I am an independent voter who supported this president.  However, since I am not a member of a union, or a gov't employee and do not work for a bank,  I cannot support more gov't takeovers or budget busting entitlements.  I don't see how anyone who doesn't fall into these categories can honestly say that this admisnistration is anything but a tainwreck. 

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#9) On September 07, 2009 at 9:56 AM, devoish (98.44) wrote:

dbjella,

No 47, no 66, I guess whatever you believe is based upon something. It is possible Remote Area Medical rounded up everyone in the country who is so underpaid or underinsured they have trouble paying for healthcare.

fmhanke,

You are connecting Kucinich to a corruption probe which began in 2006 and after a three year wiretap has gotten guilty pleas from Payne and Kelley, a couple of local engineering department employees who accepted 6 figures in bribes and are now claiming they also bribed a Democrats with a $1000 dollar plane ticket? They accepted the bribes from former Republican Senator Sinagra who has also pleaded guilty to bribery charges.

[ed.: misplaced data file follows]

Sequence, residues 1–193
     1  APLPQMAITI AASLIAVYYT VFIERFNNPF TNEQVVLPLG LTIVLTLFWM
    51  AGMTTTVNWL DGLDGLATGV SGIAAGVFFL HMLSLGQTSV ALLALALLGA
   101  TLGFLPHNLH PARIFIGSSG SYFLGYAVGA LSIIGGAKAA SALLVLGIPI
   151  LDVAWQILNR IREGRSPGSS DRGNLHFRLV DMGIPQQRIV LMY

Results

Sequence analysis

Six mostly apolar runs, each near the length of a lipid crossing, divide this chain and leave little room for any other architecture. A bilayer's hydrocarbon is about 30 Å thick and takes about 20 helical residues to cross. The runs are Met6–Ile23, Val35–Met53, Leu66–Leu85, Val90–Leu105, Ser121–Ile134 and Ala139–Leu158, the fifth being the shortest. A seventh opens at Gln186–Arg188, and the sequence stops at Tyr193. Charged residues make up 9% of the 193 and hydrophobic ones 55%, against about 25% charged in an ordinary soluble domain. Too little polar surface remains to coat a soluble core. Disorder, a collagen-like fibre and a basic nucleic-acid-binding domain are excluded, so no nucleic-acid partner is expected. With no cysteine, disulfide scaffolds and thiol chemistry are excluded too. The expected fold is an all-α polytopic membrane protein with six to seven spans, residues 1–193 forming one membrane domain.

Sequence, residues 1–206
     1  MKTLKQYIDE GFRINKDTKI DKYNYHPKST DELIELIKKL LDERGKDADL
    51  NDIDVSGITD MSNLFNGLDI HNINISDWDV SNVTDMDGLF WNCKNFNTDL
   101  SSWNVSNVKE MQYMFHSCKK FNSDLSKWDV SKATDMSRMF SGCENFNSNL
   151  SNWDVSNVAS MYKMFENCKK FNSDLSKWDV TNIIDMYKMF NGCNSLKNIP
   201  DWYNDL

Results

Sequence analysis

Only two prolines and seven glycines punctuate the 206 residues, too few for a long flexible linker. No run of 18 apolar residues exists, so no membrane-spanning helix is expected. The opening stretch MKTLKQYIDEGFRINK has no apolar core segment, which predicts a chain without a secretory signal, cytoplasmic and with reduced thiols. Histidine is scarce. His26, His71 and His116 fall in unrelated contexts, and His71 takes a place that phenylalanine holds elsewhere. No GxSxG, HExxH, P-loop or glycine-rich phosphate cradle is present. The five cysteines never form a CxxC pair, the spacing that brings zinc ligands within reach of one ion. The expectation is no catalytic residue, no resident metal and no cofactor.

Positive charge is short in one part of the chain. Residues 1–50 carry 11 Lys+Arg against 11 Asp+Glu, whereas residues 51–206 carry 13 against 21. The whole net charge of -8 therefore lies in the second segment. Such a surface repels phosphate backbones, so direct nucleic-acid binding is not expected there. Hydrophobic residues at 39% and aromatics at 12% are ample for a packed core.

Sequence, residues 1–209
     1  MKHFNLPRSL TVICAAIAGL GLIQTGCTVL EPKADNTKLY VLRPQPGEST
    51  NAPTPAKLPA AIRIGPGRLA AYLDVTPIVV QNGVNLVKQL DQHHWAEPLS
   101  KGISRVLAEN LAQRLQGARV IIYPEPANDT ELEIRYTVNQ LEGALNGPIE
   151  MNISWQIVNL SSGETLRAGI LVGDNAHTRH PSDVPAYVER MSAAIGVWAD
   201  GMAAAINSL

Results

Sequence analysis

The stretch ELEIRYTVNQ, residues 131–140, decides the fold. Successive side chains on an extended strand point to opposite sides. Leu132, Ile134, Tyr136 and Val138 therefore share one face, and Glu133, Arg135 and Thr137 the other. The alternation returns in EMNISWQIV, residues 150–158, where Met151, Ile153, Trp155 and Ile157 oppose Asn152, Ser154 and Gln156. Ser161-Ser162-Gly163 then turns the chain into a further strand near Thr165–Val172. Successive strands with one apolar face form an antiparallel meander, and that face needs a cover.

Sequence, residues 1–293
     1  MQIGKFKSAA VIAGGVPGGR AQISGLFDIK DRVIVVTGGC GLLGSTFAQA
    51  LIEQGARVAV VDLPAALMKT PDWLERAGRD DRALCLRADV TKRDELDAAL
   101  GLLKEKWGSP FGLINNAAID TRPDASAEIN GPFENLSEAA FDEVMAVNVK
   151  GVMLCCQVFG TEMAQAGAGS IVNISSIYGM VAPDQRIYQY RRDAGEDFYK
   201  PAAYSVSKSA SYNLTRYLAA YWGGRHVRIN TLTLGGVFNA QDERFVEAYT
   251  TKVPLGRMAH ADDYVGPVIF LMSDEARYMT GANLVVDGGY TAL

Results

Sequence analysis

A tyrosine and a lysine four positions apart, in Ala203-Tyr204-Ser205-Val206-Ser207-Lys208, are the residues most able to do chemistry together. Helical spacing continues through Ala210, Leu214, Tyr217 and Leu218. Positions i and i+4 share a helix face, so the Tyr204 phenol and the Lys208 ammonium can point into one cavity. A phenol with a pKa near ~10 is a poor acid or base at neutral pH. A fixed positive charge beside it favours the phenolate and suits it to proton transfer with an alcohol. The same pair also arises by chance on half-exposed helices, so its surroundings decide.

If you want better Government, don't elect Republicans. And if you do elect them, blame them when they cut taxes and bankrupt Medicare.

What 6.5% increase are you talking about?

If you read "all" the arguments for single payer you would know how single payer (HR676) advocates including Kucinnich, show it will save you money, and why I agree that the bill (HR3200) described by Taibbi is as pathetic as he describes it.

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#10) On September 07, 2009 at 11:09 AM, Option1307 (29.69) wrote:

If you want better Government, don't elect Republicans

Yep it's all those dirty Rebulicans fault. Down with Bush and his friends!

Nevermind the fact that Obama is just as big an Industry whore as Bush. Taibbi correctly asserts in his article that Obama basically buckled under the pressure from Big Insurance. Wow this Democrat is going to save us!